THE federal government and its successors, no matter which side of politics they come from, must stay the course and see Closing the Gap health measures through with consistency of funding and implementation, says a leading expert.
Professor John Wakerman, associate dean of Flinders University Northern Territory, Darwin, told MJA InSight that when the Closing the Gap targets on life expectancy and childhood mortality were set by the Council of Australian Governments (COAG) in 2008, they were intended to be supported in a bipartisan fashion across governments and multilaterally across organisations over a long period of time.
“Policy changes take time,” Professor Wakerman said. “It’s not unrealistic to say that changes in broad outcomes take many years to [bear fruit]. Ten years is not unreasonable. That’s why we need to be consistent over the long term.
“But we’re still locked into 3- or 4-year election cycles.
“There have been issues with the government funding of Indigenous health programs. Some have ceased altogether and others have undergone reorganisation of the way they are funded.
“We need to hold [to the policies] for the long term.”
- Related: MJA — Strengthening primary health care to improve Indigenous health outcomes
- Related: MJA — Primary Health Networks and Aboriginal and Torres Strait Islander health
The authors, led by Professor Ian Ring from the University of Wollongong, wrote that the importance of monitoring relevant indicators and the size of the gap in mortality between the Indigenous and non-Indigenous populations, and assessment of whether it was changing over time, was required to “further inform policy and program direction”. They used the example of rate ratio and rate difference to illustrate the importance of the right metrics.
“The rate ratio [obtained by dividing the Indigenous rate by the non-Indigenous rate] assesses the relative rates of improvement for Indigenous and non-Indigenous populations, while the rate difference [obtained by subtracting the non-Indigenous rate from the Indigenous rate] provides information about the size of the task to be achieved,” they wrote.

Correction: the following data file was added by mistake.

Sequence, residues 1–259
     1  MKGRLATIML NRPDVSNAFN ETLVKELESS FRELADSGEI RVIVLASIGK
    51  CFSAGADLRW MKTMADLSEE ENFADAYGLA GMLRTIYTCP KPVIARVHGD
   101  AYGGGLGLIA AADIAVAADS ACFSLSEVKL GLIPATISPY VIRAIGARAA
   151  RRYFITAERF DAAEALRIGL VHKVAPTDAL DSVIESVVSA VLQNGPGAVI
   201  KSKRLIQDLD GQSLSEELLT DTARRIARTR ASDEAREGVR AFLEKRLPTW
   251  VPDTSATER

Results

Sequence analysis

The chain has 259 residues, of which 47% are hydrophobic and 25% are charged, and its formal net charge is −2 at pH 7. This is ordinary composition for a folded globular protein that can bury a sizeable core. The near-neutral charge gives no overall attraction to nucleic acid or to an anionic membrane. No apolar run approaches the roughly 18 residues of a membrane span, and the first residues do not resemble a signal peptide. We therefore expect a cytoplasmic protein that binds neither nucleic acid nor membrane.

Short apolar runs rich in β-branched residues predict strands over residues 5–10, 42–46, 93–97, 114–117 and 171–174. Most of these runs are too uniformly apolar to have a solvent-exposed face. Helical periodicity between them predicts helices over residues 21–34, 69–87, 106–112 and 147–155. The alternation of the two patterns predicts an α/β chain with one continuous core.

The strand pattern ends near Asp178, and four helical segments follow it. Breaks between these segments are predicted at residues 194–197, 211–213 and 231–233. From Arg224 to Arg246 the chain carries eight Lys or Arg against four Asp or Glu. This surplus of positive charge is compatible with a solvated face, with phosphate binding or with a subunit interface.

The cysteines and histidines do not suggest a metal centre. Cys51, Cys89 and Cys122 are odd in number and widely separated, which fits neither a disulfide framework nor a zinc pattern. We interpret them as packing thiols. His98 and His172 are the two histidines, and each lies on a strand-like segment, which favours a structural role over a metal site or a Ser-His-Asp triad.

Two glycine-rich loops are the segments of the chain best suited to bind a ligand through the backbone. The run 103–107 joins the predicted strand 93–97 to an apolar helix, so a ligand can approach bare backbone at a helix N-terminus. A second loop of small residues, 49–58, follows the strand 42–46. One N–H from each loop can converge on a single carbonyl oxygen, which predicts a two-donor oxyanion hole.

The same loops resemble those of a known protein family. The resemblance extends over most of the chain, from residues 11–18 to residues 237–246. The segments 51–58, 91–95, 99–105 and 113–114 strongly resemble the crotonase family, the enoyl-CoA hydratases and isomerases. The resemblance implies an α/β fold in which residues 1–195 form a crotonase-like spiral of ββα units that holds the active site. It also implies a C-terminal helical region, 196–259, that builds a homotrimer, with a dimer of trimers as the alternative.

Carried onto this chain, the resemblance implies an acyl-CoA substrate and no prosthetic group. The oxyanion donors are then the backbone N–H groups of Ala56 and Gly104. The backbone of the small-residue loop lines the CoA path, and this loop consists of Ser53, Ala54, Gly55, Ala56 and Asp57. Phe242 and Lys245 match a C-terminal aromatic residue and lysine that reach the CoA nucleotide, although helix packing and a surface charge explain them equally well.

“Both measures, set in the context of the observed rates, provide information on the closing or widening of the health gap.
“For all measures apart from cancer, the rate differences are declining significantly, but for the gaps to ultimately close, improvements in Indigenous rates need to occur significantly faster than in the non-Indigenous population, as is happening for infant mortality and, to a much lesser degree, for child mortality.”
Professor Wakerman agreed, saying the success of the Closing the Gap measures so far depended on “what you’re measuring, and how you measure it”.
“Rate ratios are a good example of that,” he said. “If you look at the gap in mortality then we’re not seeing a reduction in rate ratio.”
Indigenous mortality rate ratio remains about 70% higher than non-Indigenous rates throughout the period, according to Ring and colleagues.
“But if you break it down and look at the group aged 0 to 5 years, you can see that we’re actually doing very well with kids,” Professor Wakerman said. “It’s a good example of where we have done well. Medical intervention has helped a lot with reducing mortality in Indigenous infants and children.”
The important message from the MJA article, Professor Wakerman said, was that even though the broad outcomes of Closing the Gap measures would take over a decade to manifest, “there are intermediate outcomes that we can measure to tell us if we’re on track”.
“We know what works,” he said.
“If we reduce smoking, we will improve vascular outcomes, cancer outcomes, respiratory outcomes and more. We can measure those things annually.
“If we focus on primary and secondary prevention, early detection and management of chronic diseases there will be better health outcomes.”
- Related: MJA InSight — Close the Gap: 10 years in
- Related: MJA InSight — Closing the Gap life expectancy target a distraction
National Aboriginal Community Controlled Health Organisations (NACCHOs) are excellent examples of how to provide primary health care to Indigenous communities, but not enough attention is being paid to their methods, Professor Wakerman told MJA InSight.
“There are some exemplary NACCHOs providing comprehensive primary health care programs that work, but we’re not taking enough notice of them.
“We’re not sufficiently generalising how they are doing it. We know the things that work, but our implementation is patchy.”
Associate Professor Sophia Couzos, from James Cook University’s Department of General Practice and Rural Medicine, agreed.
“What should Aboriginal people expect from the Australian health care system given their higher levels of morbidity? The answer should be better quality care than they currently receive, including more opportunities to participate in decisions about their health care,” Associate Professor Couzos told MJA InSight.
“There are three main primary care providers to Aboriginal peoples – private general practices, state government-provided health services, and Aboriginal community controlled health services.
“Only the latter provide comprehensive primary health care, and engage in continuing quality improvement strategies that are both biomedical (key performance indicators) and patient-centred (participatory health care through systems of co-design and redesign that are a feature of community control).
“To close the gap, improvements in quality care are required across the whole health system, and measures must include patient-reported experiences.
“Each patient is the best judge of what quality care means for them, and this information must be used to drive health care improvements.”